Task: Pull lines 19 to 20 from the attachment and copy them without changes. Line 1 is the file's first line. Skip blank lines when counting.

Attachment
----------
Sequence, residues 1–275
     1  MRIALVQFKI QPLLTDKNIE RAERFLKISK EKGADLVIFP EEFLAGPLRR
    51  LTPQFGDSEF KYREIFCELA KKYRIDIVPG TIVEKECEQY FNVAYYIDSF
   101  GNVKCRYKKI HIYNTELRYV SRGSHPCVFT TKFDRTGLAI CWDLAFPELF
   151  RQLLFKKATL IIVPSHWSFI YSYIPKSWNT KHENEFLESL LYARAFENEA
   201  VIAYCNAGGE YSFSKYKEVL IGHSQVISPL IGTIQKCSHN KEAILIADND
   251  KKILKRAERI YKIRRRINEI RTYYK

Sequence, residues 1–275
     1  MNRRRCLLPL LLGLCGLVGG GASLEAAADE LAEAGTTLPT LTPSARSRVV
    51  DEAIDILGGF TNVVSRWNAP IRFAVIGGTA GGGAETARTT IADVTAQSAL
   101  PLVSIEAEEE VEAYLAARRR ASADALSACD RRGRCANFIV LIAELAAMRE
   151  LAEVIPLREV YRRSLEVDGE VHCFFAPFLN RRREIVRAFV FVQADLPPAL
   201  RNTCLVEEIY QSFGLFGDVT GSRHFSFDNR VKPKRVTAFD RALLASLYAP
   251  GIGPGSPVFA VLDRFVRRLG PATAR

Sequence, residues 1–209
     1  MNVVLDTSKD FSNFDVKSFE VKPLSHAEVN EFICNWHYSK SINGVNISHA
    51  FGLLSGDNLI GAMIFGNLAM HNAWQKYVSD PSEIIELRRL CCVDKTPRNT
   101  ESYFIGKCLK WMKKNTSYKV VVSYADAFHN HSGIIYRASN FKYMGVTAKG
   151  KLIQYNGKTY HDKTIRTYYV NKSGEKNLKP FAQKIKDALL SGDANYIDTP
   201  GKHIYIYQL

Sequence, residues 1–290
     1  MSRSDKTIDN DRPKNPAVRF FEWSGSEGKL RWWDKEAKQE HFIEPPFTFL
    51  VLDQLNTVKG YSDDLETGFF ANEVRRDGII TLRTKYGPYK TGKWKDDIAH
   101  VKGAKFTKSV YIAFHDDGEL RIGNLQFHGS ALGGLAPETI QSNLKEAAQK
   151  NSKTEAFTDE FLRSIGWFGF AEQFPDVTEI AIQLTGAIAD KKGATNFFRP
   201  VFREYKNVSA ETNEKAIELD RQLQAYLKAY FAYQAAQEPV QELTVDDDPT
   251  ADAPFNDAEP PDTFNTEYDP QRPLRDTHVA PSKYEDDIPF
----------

   151  KLIQYNGKTY HDKTIRTYYV NKSGEKNLKP FAQKIKDALL SGDANYIDTP
   201  GKHIYIYQL